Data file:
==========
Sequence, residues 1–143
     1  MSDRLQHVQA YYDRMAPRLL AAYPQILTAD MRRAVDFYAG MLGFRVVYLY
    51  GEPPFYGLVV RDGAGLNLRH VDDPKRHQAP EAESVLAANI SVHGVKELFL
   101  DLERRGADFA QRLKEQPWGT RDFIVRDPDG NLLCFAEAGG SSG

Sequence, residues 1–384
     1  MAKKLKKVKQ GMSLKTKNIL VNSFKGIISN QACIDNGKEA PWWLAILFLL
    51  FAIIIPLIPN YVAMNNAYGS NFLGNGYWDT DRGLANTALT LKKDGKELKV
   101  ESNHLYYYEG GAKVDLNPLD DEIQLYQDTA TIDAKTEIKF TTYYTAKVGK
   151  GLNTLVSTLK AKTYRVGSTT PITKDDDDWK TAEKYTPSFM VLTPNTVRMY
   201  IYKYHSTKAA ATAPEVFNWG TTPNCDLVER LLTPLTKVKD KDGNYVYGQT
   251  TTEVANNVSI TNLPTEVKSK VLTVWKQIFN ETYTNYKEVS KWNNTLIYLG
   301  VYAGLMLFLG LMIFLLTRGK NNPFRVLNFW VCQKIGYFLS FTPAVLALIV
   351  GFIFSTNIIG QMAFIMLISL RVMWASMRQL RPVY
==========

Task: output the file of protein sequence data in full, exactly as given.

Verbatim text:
Sequence, residues 1–143
     1  MSDRLQHVQA YYDRMAPRLL AAYPQILTAD MRRAVDFYAG MLGFRVVYLY
    51  GEPPFYGLVV RDGAGLNLRH VDDPKRHQAP EAESVLAANI SVHGVKELFL
   101  DLERRGADFA QRLKEQPWGT RDFIVRDPDG NLLCFAEAGG SSG

Sequence, residues 1–384
     1  MAKKLKKVKQ GMSLKTKNIL VNSFKGIISN QACIDNGKEA PWWLAILFLL
    51  FAIIIPLIPN YVAMNNAYGS NFLGNGYWDT DRGLANTALT LKKDGKELKV
   101  ESNHLYYYEG GAKVDLNPLD DEIQLYQDTA TIDAKTEIKF TTYYTAKVGK
   151  GLNTLVSTLK AKTYRVGSTT PITKDDDDWK TAEKYTPSFM VLTPNTVRMY
   201  IYKYHSTKAA ATAPEVFNWG TTPNCDLVER LLTPLTKVKD KDGNYVYGQT
   251  TTEVANNVSI TNLPTEVKSK VLTVWKQIFN ETYTNYKEVS KWNNTLIYLG
   301  VYAGLMLFLG LMIFLLTRGK NNPFRVLNFW VCQKIGYFLS FTPAVLALIV
   351  GFIFSTNIIG QMAFIMLISL RVMWASMRQL RPVY